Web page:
6. No one would call a rock an atheist.

    It doesn’t have beliefs, but it’s not an atheist.

    The lacking of a belief is not sufficient to make one an atheist.


    I already gave you reasons, but you’ve been uncharitable.


  7. It seems to be that for one to be agnostic, one merely needs to reflectively suspend judgment on whether or not God exists.

    I agree with Spanky that merely not having the (occurent or dispositional) belief is not sufficient to make one an atheist. I think atheism involves reflectively endorsing the proposition that there is no God.

    There are many people out there who, I would argue, do not have a robust enough conception of God to count as believing in God, but they might still explicitly endorse the proposition ‘God exists’ (without reflecting on it too much). I think many religious people actually fall into this category. The concept ‘God’ does not have much (if any) content for these people, but I would resist calling them atheists, unless they recognize and endorse this fact as indicating that God does not, in fact, exist.

    So perhaps my definition of ‘atheist’ would be something along the lines of the following:
    (Ea)[a rbel[(x)(x does not = God)]]
    In other words, there is a person a such that a reflectively believes that for all x (where x ranges over all existing things), x is not God.

    I think this is in line with what Spanky says.

  8. I certainly agree that a good number of (perhaps most?) atheists actively deny that god exists. However, there is controversy as to how to distinguish between different kinds of atheism. Some people distinguish between implicit and explicit atheism, strong and weak atheism, and negative and positive atheism. One might wonder whether this all just a matter of semantics. And perhaps the position that I hold and that others have called weak atheism should best be called non-theism as opposed to atheism. However, I am not alone in saying that atheism does not just mean the denial of belief in a god or gods:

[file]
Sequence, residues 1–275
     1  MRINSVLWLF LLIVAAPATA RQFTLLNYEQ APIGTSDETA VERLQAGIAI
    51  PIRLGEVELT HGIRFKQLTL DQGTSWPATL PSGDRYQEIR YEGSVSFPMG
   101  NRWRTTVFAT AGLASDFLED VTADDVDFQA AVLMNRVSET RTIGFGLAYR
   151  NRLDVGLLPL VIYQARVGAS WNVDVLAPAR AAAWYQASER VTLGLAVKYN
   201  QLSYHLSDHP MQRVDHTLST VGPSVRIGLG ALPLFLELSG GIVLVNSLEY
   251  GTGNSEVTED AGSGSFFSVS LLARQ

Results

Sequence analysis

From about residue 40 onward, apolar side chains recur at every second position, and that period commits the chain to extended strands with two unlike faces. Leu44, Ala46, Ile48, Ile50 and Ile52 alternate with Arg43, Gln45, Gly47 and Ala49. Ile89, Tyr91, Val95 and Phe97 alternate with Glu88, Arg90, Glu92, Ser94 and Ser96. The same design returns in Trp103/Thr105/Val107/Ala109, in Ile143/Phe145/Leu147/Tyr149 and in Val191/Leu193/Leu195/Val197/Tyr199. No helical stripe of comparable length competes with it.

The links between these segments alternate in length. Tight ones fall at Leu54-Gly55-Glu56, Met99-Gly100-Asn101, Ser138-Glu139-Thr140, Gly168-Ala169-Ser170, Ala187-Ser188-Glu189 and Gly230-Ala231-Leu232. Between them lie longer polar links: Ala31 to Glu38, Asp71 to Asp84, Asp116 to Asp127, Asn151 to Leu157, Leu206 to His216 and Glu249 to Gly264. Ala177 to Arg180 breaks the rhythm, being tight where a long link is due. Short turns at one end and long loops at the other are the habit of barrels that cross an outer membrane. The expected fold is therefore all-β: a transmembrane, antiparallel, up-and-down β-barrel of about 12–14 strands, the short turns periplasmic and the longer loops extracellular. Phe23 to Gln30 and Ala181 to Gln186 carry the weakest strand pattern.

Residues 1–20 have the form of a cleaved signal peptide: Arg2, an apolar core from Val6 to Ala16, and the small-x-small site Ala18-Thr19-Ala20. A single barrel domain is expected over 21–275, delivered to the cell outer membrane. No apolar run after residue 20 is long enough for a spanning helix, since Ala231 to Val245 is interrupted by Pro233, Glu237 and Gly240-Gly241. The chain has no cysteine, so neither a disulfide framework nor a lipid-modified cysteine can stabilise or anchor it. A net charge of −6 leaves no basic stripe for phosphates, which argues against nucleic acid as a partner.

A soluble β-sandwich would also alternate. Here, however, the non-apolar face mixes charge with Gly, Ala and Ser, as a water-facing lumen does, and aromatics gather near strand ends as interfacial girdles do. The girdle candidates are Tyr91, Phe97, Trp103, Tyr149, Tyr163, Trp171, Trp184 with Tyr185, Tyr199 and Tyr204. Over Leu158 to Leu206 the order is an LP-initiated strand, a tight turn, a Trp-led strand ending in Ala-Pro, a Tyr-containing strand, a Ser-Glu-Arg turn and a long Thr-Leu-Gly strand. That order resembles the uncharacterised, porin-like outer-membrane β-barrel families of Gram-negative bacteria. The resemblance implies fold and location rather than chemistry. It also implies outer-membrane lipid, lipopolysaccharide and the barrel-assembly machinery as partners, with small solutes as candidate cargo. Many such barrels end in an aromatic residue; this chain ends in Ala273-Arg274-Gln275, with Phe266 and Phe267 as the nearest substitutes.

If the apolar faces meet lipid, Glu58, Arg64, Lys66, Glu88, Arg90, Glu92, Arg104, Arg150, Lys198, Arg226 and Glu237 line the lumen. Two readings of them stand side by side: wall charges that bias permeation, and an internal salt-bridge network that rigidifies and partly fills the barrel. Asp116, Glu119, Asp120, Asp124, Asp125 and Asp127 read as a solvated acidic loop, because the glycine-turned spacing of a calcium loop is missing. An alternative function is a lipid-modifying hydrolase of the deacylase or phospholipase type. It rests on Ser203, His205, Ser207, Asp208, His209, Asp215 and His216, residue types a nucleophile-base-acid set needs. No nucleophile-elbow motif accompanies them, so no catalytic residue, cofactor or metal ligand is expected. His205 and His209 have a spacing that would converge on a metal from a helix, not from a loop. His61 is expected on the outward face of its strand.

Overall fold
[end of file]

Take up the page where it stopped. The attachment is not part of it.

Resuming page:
Dan Barker: “There is a difference between believing there is no god and not believing there is a god — both are atheistic, though popular usage has ignored the latter…” “Losing Faith in Faith: From preacher to Atheist,” Freedom From Religion Foundation, (1992), Page 99.

    Antony Flew: “I want the originally Greek prefix ‘a’ to be read in the same way in ‘atheist’ as it customarily is read in such other Greco-English words as ‘amoral,’ ‘atypical,’ and ‘asymmetrical’. In this interpretation an atheist becomes: someone who is simply not a theist.” “God, Freedom and Immortality: A Critical Analysis,” Prometheus Books, (1984), Page 14.

    Michael Martin: “…an atheist would simply be someone without a belief in God, not necessarily someone who believes that God does not exist.” “Atheism: A Philosophical Justification,” Temple University Press, (1992), Page 463.

    Gordon Stein, Ed., “To be without a belief in God merely means that the term ‘god’ has no importance or possibly no meaning to you. Belief in God is not a factor in your life. Surely this is quite different from denying the existence of God. Atheism is not a belief as such. It is the lack of belief.” Gordon Stein, Ed, “An Anthology of Atheism and Rationalism,” Prometheus Books, (1980), Page 3.

    So, as with just about anything “philosophical” there is controversy; and the above quotes don’t prove my point. Again, I cite them to emphasize that the position I am defending is not unheard of.

  9. Certainly the term ‘atheist’ etymologically implies that one is a non-theist. And just as someone who is not capable of or interested in playing the “morality game” might be characterized as ‘amoral’, we could call someone not involved in the “theism” game an ‘atheist’. However, I am relying here predominantly on current usage of the word, which implies that one explicitly and knowingly claims that there is no God. You’re right, SF, that it may come down to a purely stipulative distinction. However, I am doubtful that “strong atheists” would want to align themselves with the so-called “weak” or “implicit” atheists. Atheism as a doctrine of belief seems to me to imply reflective endorsement.